Again the Three - Edgar Wallace - ebook

Again the Three ebook

Edgar Wallace

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More adventures of Edgar Wallace’s most popular characters, Manfred, Gonsalez, Poiccart, & Merrell better known to the underworld as the dreaded Three Just Men – dedicated to punishing those whom the law cannot touch, in England, Europe, and America. „Again the Three” consists of 13 short stories: „The Rebus”, „The Happy Travellers”, „The Abductor”, „The Third Coincidence”, „The Slane Mystery”, „The Marked Cheque”, „Mr. Levingrou’s Daughter”, „The Share Pusher”, „The Man Who Sang in Church”, „The Lady From Brazil”, „The Typist Who Saw Things”, „The Mystery of Mr. Drake” and „The Englishman Konnor”.

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Liczba stron: 231

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Contents

I. THE REBUS

II. THE HAPPY TRAVELLERS

III. THE ABDUCTOR

IV. THE THIRD COINCIDENCE

V. THE SLANE MYSTERY

VI. THE MARKED CHEQUE

VII. MR LEVINGROU'S DAUGHTER

VIII. THE SHARE PUSHER

IX. THE MAN WHO SANG IN CHURCH

X. THE LADY FROM BRAZIL

XI. THE TYPIST WHO SAW THINGS

XII. THE MYSTERY OF MR DRAKE

XIII. "THE ENGLISHMAN KONNOR"

I. THE REBUS

AS The Megaphone once said, in its most pessimistic and wondering mood, recording rather than condemning the strangeness of the time:

“Even The Four Just Men have become a respectable institution. Not more than fifteen years ago we spoke of them as ‘a criminal organization’; rewards were offered for their arrest... today you may turn into Curzon Street and find a silver triangle affixed to the sedate door which marks their professional headquarters... The hunted and reviled have become a most exclusive detective agency... We can only hope that their somewhat drastic methods of other times have been considerably modified.”

It is sometimes a dangerous thing to watch a possible watcher.

‘What is Mr. Lewis Lethersohn afraid of?’ asked Manfred, as he cracked an egg at breakfast. His handsome, clean-shaven face was tanned a teak-brown, for he was newly back from the sun and snows of Switzerland.

Leon Gonsalez sat opposite, absorbed in The Times; at the end of the table was Raymond Poiccart, heavy-featured and saturnine. Other pens than mine have described his qualities and his passion for growing vegetables.

He raised his eyes to Gonsalez.

‘Is he the gentleman who has had this house watched for the past month?’ he asked.

A smile quivered on Leon’s lips as he folded the newspaper neatly.

‘He is the gentleman–I’m interviewing him this morning,’ he said. ‘In the meantime, the sleuth hounds have been withdrawn–they were employed by the Ottis Detective Agency.’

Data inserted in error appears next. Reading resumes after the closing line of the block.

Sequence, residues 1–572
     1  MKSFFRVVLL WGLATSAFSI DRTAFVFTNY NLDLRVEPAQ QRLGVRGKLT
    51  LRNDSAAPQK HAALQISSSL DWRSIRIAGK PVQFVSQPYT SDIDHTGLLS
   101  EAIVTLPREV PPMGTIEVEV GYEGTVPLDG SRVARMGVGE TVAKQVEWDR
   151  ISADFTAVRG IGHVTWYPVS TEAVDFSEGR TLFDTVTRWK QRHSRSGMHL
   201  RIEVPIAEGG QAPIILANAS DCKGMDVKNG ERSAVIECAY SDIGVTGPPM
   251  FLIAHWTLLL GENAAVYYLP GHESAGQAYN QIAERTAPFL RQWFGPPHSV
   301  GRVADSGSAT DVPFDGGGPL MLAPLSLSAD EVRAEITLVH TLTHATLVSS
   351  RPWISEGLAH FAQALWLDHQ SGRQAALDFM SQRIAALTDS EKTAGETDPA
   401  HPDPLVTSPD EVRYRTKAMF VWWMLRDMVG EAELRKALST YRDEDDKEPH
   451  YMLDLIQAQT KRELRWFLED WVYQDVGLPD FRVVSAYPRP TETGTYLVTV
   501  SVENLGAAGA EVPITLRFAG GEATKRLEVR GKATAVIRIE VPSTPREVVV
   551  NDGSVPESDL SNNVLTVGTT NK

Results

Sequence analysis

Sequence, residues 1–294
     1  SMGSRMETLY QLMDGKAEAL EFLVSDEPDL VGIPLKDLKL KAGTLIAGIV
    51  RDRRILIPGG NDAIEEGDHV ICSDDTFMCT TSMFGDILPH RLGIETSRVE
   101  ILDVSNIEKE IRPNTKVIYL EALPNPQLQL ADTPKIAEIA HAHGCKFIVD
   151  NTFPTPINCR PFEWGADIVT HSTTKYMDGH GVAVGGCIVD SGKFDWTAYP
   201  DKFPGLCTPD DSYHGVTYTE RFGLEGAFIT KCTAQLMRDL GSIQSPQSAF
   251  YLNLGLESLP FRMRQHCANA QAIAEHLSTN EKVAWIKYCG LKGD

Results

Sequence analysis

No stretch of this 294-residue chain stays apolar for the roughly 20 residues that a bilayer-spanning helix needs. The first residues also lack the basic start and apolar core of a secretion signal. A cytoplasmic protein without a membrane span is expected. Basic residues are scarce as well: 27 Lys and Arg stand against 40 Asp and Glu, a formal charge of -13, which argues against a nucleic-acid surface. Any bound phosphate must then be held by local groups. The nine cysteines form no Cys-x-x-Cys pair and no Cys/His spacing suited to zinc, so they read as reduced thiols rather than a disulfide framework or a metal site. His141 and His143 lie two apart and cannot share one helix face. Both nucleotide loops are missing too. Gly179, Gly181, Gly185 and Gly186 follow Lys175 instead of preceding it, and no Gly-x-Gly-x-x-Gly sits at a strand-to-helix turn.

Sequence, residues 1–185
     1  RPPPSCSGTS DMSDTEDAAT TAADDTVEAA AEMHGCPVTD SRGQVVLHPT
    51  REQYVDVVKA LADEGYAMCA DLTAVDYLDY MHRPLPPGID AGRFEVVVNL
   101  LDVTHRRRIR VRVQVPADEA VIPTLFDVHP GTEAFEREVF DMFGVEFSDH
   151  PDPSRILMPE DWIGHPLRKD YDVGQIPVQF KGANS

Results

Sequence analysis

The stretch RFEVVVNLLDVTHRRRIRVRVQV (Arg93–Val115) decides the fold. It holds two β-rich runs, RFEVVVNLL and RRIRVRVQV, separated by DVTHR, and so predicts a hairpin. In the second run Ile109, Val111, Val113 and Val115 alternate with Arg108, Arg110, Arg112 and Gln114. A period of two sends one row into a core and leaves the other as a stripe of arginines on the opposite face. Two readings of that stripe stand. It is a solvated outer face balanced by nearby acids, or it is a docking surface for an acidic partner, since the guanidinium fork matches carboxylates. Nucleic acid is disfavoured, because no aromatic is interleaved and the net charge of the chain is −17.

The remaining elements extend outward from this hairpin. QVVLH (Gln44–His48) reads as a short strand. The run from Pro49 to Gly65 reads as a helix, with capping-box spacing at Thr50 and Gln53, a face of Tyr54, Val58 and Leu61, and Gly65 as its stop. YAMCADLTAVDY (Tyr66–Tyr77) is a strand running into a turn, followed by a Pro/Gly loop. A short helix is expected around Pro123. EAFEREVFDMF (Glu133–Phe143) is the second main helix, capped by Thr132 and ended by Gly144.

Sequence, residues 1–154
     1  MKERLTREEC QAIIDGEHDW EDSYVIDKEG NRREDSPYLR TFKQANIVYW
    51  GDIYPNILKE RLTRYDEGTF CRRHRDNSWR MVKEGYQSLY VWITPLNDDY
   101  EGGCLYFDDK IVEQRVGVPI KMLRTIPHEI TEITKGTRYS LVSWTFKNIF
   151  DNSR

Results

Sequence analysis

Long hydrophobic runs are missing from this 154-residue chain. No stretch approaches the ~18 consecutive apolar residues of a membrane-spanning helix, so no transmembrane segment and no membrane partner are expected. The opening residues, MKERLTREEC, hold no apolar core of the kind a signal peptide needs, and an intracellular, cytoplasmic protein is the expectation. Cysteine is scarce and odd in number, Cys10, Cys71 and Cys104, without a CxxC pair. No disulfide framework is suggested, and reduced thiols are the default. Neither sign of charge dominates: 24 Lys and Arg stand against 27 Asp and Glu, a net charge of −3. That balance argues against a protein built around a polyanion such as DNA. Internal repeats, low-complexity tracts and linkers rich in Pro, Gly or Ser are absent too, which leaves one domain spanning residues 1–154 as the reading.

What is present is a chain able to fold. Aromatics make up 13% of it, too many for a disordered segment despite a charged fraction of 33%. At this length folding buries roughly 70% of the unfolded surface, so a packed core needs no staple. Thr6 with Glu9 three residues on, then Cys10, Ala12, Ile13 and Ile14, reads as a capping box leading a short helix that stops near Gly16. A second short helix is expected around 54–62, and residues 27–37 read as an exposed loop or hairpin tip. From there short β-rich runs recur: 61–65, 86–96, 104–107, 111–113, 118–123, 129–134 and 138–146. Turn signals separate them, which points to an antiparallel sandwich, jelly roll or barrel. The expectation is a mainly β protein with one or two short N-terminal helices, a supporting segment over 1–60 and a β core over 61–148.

‘If he is watching us, he has a bad conscience,’ said Poiccart, nodding slowly. ‘I shall be interested to hear all about this.’

Mr. Lewis Lethersohn lived in Lower Berkeley Street–a very large and expensive house. The footman who opened the door to Leon was arrayed in a uniform common enough in historical films but rather out of the picture in Lower Berkeley Street. Mulberry and gold and knee breeches... Leon gazed at him with awe.

‘Mr. Lethersohn will see you in the library,’ said the man–he seemed; thought Leon, rather conscious of his own magnificence.

A gorgeous house this, with costly furnishings and lavish decorations. As he mounted the wide stairs he had a glimpse of a beautiful woman passing across the landing. One disdainful glance she threw in his direction and passed, leaving behind her the faint fragrance of some exotic perfume.

The room into which he was shown might have been mistaken for a bedroom, with its bric-a-brac and its beauty of appointments.

Mr. Lethersohn rose from behind the Empire writing table and offered a white hand. He was thin, rather bald, and there was a suggestion of the scholar in his lined face.

‘Mr. Gonsalez?’ His voice was thin and not particularly pleasant. ‘Won’t you sit down? I had your inquiry–there seems to be some mistake.’

He had resumed his own seat. Though he might endeavour, to cover up his uneasiness by this cold attitude of his, he could not quite hide his perturbation.

‘I know you, of course–but it is ridiculous that I should set men to watch your house. Why?’

Gonsalez was watching him intently.

‘That is what I have come to learn,’ he said, ‘and I think it would be fairest to tell you that there is no doubt that you are watching us. We know the agency you employed–we know the fees you have paid and the instructions you have given. The only question is, why?’

Mr. Lethersohn moved uncomfortably and smiled. ‘Really... I suppose there is no wisdom in denying that I did employ detectives. The truth is, the Four Just Men is rather a formidable organization–and–er–Well, I am a rich man...’

He was at a loss how to go on.

The interview ended lamely with polite assurances on either side. Leon Gonsalez went back to Curzon Street a very thoughtful man.

‘He’s afraid of somebody consulting us, and the detective people have been employed to head off that somebody. Now who?’

The next evening brought the answer.